Coaching carousel doesn’t always make sense

Spencer Chase

Very few jobs are as unstable as that of a college football coach.

When a coach is hired, there are hands to shake, boosters to meet and players to recruit in your down time. As soon as you lose your first game, those same boosters seem to want to run you out of town so fast the ink on your first paycheck has hardly dried. It’s a demanding job and only those that are hugely successful seem to last.

Take Turner Gill. He was hired to be the head coach of the Kansas Jayhawks football team after bringing doormat University of Buffalo back into bowl contention. Many thought that Gill was passed up for higher profile jobs because of his race, such as the Auburn job, given to Gene Chizik. Fewer people were more deserving of a head coaching opportunity at a BCS school than Gill.

After Gill had received his golden opportunity, he promptly went 5-19 including ending the 2011 season on a 10 game losing streak. Gill wasn’t particularly discouraged, because making a winning program takes time, such as the three seasons it took for him to make the Buffalo a winner. But that didn’t stop Kansas athletic director Sheahon Zenger from pulling the rug out from under Gill and heading the Kansas football program in a different direction.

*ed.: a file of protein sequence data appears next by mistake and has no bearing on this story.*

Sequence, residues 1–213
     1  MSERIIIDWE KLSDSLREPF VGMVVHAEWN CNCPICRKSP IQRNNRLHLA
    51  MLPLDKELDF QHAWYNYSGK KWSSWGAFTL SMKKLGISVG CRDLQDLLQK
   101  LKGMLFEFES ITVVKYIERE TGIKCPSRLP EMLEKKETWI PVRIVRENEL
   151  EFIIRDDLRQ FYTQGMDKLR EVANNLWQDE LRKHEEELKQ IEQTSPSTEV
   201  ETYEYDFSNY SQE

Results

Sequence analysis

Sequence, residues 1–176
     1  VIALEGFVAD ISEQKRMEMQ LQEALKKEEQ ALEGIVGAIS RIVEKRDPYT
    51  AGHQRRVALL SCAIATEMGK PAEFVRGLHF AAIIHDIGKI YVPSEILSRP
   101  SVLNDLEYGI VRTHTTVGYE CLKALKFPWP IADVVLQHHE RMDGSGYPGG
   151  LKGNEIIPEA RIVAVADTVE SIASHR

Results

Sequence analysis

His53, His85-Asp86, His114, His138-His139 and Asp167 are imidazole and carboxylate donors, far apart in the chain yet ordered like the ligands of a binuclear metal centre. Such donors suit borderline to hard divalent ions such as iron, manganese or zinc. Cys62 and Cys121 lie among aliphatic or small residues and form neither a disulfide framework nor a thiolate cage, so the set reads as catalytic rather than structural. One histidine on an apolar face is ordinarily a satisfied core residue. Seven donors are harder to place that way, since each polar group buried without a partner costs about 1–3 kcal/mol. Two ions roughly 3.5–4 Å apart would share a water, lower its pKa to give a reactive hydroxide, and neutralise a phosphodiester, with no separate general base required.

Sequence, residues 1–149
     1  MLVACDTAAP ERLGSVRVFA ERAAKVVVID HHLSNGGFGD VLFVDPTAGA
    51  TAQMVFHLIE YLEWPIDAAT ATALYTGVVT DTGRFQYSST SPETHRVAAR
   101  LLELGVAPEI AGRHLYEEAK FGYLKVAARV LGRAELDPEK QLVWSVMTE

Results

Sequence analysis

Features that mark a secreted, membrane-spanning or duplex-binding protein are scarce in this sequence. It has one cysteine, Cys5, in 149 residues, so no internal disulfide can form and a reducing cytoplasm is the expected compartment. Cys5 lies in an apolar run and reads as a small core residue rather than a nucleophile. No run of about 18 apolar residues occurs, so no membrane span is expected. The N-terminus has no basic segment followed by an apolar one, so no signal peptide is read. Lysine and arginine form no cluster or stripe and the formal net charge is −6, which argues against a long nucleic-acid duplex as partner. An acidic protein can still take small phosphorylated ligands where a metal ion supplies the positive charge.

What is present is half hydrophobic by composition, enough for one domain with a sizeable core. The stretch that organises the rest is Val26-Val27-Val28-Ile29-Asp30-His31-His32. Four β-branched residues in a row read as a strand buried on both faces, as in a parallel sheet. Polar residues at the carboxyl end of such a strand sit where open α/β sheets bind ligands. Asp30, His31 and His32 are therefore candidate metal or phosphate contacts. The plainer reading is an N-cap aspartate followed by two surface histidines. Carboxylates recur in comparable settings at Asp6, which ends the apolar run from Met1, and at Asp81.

Kansas is still obligated to pay Gill roughly $6 million and they’ll have to come up with some money for their new head coach, whoever that may be. The Jayhawks may have trouble attracting a new head man, because their last two head football coaches have been fired, the first being Mark Mangino in 2009 and Gill on Nov. 27. Even at a traditionally weak football school, the pressure is still on.

Gill’s story is not an uncommon one in college football. Most colleges do at least get the chance to graduate their first recruiting class so they at least can’t blame the previous coach’s poor recruiting, but several are fired before they’ve been given adequate time to prove themselves.

Now-former Illinois head coach Ron Zook was fired after following a 6-0 start with a six-game losing streak, a feat unheard of in college football. Arizona fired head coach Mike Stoops in the middle of the season. There’s even a website ( that ranks the coaches most likely to be fired from 1-120, with LSU mad-hatter Les Miles being seen as the safest coach in the nation.

With the majority of these men making seven figures from their respective institutions, a lot is expected of them. With the potential to make big money off their teams, university higher-ups don’t want their school’s team to stay in no-man’s land for long. What most boosters, athletic directors and university presidents don’t understand is that college football programs don’t grow overnight. Making a winning football team takes years of quality recruiting to build the program that everyone wants.

Just ask Iowa State. They allowed Chizik to leave for Auburn, only to watch him win a BCS championship the very next year, the same job that many thought was Gill’s to lose.